At a time when scientists are unclear about the current location of NASA’s Voyager 1, which began its journey toward interstellar space in 1990, a new study has proposed a test to determine whether the spacecraft has indeed left the heliosphere, a vast region of space surrounding the sun.

Although Voyager mission team members declared last year that Voyager 1 entered interstellar space in August 2012, some scientists remained unconvinced. The new study, which describes an alternate model for the interaction between the heliosphere and the interstellar medium, is expected to offer convincing information about Voyager 1's current whereabouts.

“It is the nature of the scientific process that alternative theories are developed in order to account for new observations,” Ed Stone of the California Institute of Technology in Pasadena and a scientist working with the Voyager project, said in a statement. “This paper differs from other models of the solar wind and the heliosphere and is among the new models that the Voyager team will be studying as more data are acquired by Voyager.”

Previous models that were used to conclude that Voyager 1 had entered interstellar space suggested that the density of interstellar wind outside the heliosphere is 40 times greater than the density of the solar wind inside. When scientists analyzed the observational data from the spacecraft, they found a plasma density that was 40 times higher, leading the scientists to conclude that Voyager 1 had indeed left the heliosphere and entered interstellar space sometime around Aug. 25, 2012.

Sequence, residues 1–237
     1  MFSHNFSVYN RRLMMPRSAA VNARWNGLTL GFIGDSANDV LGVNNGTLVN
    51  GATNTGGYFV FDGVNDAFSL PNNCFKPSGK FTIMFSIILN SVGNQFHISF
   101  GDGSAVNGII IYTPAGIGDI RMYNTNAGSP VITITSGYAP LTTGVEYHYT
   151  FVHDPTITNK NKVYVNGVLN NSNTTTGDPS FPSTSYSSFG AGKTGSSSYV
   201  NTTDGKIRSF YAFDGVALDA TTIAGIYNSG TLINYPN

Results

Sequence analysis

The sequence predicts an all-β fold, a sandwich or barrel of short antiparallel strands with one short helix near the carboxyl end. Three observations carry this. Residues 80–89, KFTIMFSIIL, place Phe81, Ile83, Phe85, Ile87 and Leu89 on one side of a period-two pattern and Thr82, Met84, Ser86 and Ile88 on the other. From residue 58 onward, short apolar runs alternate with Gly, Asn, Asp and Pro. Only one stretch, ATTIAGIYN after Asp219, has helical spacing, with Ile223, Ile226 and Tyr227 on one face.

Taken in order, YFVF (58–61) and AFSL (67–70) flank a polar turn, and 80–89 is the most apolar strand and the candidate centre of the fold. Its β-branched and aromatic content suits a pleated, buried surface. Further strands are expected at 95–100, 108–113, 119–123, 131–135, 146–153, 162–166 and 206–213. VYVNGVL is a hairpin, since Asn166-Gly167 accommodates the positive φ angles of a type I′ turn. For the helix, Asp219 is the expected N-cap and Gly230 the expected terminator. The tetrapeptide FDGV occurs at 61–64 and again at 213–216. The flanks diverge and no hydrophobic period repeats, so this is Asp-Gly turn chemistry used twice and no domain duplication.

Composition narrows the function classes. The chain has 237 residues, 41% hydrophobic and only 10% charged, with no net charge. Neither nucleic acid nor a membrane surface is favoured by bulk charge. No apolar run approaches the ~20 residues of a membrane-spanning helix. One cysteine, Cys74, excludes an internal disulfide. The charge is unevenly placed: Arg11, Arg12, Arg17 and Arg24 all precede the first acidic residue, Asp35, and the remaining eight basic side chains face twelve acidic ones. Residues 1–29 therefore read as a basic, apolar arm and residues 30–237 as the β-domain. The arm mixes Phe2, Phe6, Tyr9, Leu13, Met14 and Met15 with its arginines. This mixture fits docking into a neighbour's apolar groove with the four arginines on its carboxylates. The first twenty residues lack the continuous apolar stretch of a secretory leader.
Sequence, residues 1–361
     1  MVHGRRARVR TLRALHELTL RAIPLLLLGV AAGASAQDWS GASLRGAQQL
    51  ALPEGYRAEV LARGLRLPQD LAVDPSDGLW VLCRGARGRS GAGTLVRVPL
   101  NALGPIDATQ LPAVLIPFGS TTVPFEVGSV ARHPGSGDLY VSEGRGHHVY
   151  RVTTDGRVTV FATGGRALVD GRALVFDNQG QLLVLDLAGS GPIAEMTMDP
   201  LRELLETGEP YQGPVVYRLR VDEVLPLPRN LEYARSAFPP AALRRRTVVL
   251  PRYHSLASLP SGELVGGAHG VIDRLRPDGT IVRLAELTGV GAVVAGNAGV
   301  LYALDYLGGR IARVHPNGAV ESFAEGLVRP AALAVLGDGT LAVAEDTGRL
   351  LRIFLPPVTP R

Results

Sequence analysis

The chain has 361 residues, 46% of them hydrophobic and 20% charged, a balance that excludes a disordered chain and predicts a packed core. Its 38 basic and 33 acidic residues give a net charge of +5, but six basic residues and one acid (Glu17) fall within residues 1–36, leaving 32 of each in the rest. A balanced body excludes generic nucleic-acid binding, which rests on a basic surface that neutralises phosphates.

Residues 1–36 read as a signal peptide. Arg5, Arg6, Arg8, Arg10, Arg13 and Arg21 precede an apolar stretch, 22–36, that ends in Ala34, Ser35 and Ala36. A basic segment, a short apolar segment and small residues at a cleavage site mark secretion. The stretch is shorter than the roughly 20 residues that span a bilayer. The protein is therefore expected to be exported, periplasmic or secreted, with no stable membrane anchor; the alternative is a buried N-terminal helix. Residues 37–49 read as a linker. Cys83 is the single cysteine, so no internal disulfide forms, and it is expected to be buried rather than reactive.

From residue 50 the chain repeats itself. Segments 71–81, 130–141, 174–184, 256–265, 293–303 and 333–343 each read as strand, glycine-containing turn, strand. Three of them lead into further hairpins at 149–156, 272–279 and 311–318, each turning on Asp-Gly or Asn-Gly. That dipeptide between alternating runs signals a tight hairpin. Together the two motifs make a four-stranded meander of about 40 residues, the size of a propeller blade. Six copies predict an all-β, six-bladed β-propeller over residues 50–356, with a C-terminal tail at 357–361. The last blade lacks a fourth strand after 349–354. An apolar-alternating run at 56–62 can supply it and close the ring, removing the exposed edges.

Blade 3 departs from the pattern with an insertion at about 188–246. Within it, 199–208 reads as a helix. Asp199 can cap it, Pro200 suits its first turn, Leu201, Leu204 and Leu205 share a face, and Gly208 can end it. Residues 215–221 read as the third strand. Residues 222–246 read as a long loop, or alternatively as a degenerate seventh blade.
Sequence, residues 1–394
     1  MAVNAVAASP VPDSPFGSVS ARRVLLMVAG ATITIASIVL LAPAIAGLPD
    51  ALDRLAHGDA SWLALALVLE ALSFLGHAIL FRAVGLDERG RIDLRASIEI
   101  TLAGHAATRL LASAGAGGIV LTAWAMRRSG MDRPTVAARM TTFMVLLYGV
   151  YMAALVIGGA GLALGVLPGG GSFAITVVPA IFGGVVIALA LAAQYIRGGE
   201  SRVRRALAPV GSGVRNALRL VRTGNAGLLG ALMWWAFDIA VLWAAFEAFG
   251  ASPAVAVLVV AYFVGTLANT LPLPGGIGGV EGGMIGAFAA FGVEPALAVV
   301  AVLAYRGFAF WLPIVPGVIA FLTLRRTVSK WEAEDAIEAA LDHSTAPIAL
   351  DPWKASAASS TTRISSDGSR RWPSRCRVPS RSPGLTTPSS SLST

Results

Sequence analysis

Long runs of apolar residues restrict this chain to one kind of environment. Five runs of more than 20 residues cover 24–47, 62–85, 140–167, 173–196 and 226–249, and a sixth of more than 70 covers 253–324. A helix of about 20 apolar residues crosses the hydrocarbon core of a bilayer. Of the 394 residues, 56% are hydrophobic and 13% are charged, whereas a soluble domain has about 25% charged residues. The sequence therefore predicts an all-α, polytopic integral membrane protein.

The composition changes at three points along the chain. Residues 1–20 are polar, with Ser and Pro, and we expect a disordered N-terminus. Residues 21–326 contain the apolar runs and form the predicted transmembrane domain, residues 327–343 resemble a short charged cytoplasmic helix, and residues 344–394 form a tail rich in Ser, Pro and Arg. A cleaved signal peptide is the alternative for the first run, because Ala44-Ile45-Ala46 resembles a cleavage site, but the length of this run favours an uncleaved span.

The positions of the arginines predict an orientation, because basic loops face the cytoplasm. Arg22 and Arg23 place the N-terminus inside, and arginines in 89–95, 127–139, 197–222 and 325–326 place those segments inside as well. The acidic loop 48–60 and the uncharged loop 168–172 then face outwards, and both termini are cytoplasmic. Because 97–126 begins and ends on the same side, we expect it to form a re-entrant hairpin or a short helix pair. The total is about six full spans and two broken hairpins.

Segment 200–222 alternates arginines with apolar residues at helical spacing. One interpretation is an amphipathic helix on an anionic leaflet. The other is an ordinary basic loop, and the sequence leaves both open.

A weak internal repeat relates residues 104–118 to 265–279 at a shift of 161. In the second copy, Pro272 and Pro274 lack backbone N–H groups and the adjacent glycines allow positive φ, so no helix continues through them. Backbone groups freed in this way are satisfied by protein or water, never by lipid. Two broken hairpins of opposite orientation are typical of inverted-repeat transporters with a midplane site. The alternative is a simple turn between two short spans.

However, other scientists questioned the conclusion saying that solar wind inside the heliosphere can be compressed to the point that its density could be as high as interstellar space, meaning Voyager 1 could still be inside the heliosphere.

According to the scientists working with the new study, if Voyager 1 is still inside the heliosphere, they will observe a reversal in the direction of the solar magnetic field sometime before the end of 2015. If that change does not occur, it will mean that Voyager 1 has already reached interstellar space.

“The proof is in the pudding,” George Gloeckler of the University of Michigan and lead author of the study said, in a statement. “This controversy will continue until it is resolved by measurements.”

Voyager 1 and Voyager 2 were launched 16 days apart in 1977. Both spacecrafts toured Jupiter, Saturn, Uranus and Neptune before kicking off for an interstellar mission in 1990.

Scientists estimate that both Voyager 1 and Voyager 2 will have enough electrical power to continue collecting data and communicating them back to Earth through 2020, and possibly, through 2025.